Unemployment claims have been at historically high levels for the past year, partly because some workers have been laid off more than once. Still, the bottom line is that the data recently has been favorable, said Ian Shepherdson, chief economist at Pantheon Macroeconomics.

“Weekly numbers have been choppy but we’ve been on a downward trend since mid-January,” he said. “As more business owners see a reopening will come, they are more willing to hang on to staff.”

Between the state and federal programs, the number of new jobless claims last week was just under 900,000 after being stuck for months above one million a week.

There were 242,000 new claims for Pandemic Unemployment Assistance, a federal program covering freelancers, part-timers and others who do not routinely qualify for state benefits, a decrease of 43,000.

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Unemployment claims drop to a pandemic low as reopenings offer hope.

While vaccination efforts have gathered speed and restrictions on activities have receded in many states, the job market is showing signs of life.

Initial claims for state unemployment benefits fell last week to 657,000, a decrease of 100,000 from the previous week, the Labor Department reported Thursday. It was the lowest weekly level of initial state claims since the pandemic upended the economy a year ago.

On a seasonally adjusted basis, new state claims totaled 684,000.

In addition, there were 242,000 new claims for Pandemic Unemployment Assistance, a federal program covering freelancers, part-timers and others who do not routinely qualify for state benefits, a decrease of 43,000.

Unemployment claims have been at historically high levels for the past year, partly because some workers have been laid off more than once. Much of the drop last week was accounted for by a decline in new claims in Ohio and Illinois, but economists said the overall trend was encouraging.

$1.9 trillion relief package this month, has lifted economists’ expectations for growth, the labor market has lagged behind other measures of recovery.

Still, the easing of restrictions on indoor dining areas, health clubs, movie theaters and other gathering places offers hope for the millions of workers who were let go in the last 12 months. And the $1,400 checks going to most Americans as part of the relief bill should help spending perk up in the weeks ahead.

Diane Swonk, chief economist at the accounting firm Grant Thornton, said she hoped for consistent employment gains but her optimism was tempered by concern about the longer-term displacement of workers by the pandemic.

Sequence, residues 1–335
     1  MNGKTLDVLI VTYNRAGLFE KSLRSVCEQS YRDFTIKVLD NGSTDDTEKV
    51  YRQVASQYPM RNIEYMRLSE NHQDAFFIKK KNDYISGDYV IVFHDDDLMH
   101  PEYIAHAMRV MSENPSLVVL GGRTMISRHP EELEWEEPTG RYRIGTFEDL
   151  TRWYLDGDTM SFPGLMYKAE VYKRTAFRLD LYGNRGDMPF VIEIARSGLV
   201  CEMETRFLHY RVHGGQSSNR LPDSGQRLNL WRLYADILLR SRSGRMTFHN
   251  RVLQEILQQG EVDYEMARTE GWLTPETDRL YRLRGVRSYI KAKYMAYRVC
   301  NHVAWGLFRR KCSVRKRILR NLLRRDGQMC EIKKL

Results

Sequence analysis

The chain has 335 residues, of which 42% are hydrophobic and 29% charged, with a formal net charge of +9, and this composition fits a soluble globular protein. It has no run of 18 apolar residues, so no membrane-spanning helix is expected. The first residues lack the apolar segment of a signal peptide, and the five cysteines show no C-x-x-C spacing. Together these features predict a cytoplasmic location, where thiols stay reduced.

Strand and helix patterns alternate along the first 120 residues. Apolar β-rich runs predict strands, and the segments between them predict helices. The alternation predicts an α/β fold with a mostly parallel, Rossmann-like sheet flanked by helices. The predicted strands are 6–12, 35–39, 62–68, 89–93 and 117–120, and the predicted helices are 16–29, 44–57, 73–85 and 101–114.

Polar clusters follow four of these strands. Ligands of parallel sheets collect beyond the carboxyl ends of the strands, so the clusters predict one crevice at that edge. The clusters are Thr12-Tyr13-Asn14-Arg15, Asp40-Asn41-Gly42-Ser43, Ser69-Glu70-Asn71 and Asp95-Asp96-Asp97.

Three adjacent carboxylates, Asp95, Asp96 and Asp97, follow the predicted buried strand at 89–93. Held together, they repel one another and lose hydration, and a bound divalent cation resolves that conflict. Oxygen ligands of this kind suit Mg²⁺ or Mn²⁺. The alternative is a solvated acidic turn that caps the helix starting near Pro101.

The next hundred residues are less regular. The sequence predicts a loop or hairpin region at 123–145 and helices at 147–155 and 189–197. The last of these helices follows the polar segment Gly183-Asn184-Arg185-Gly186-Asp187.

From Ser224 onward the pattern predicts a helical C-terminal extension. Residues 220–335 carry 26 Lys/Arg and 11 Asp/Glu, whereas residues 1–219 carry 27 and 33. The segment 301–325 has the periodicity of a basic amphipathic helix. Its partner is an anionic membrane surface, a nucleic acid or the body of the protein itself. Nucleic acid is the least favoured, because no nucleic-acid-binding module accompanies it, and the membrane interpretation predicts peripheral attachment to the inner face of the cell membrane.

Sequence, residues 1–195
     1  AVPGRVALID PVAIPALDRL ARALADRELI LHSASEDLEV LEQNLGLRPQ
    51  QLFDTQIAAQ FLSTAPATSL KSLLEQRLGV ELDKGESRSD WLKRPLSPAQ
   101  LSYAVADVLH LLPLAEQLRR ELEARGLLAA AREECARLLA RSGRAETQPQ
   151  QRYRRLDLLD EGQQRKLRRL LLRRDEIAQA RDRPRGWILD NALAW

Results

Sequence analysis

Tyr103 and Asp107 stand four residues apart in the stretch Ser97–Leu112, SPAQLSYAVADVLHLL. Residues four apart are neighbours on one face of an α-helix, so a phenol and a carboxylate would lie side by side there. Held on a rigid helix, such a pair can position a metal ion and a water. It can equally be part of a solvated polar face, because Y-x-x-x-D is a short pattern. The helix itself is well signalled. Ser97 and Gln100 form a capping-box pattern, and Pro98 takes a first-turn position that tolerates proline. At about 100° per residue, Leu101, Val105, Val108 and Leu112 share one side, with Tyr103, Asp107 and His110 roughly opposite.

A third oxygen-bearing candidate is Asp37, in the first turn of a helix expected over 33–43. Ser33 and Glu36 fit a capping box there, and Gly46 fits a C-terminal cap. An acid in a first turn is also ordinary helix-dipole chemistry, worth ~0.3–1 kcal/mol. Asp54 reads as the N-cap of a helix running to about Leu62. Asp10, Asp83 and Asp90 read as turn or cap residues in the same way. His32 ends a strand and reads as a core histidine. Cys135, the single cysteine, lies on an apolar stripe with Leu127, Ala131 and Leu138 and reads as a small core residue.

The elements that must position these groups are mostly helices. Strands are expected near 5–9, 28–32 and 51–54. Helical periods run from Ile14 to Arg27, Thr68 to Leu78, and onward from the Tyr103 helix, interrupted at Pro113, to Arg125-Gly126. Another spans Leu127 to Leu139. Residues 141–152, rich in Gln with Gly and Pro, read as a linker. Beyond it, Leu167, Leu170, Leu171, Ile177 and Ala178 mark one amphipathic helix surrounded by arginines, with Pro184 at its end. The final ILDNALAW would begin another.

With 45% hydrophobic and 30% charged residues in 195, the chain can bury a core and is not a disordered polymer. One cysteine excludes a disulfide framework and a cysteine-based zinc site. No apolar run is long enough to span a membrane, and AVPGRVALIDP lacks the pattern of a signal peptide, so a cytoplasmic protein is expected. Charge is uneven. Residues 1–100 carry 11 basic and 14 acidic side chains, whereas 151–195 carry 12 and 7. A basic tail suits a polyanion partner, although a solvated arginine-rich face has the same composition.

“The numbers are encouraging, but no one is jumping the gun and hiring up for what looks to be a boom this spring and summer,” she said. “There is a reluctance to get ahead of activity.”

“We’ve passed the point where you can just flip a switch and the lights come back on,” she added. “We need to see a sustained increase in hiring, which I think we will see, but the concern is that it won’t be so robust. It takes longer to ramp up than it does to shut down.”

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Why Are Jobless Claims Still High? For Some, It’s the Multiple Layoffs.

Jobs are coming back. Businesses are reopening. But a year after the pandemic jolted the economy, applications for unemployment benefits remain stubbornly, shockingly high — higher on a weekly basis than at any point in any previous recession, by some measures.

And headway has stalled: Initial weekly claims under regular and emergency programs, combined, have been stuck at just above one million since last fall, and last week was no exception, the Labor Department reported Thursday.

“It goes up a little bit, it goes down, but really we haven’t seen much progress,” said AnnElizabeth Konkel, an economist for the career site Indeed. “A year into this, I’m starting to wonder, what is it going to take to fix the magnitude problem? How is this going to actually end?”

The continued high rate of unemployment applications has been something of a mystery for many economists. With the pandemic still suppressing activity in many sectors, it makes sense that joblessness would remain high. But businesses are reopening in much of the country, and trends on employment and spending are generally improving. So shouldn’t unemployment filings be falling?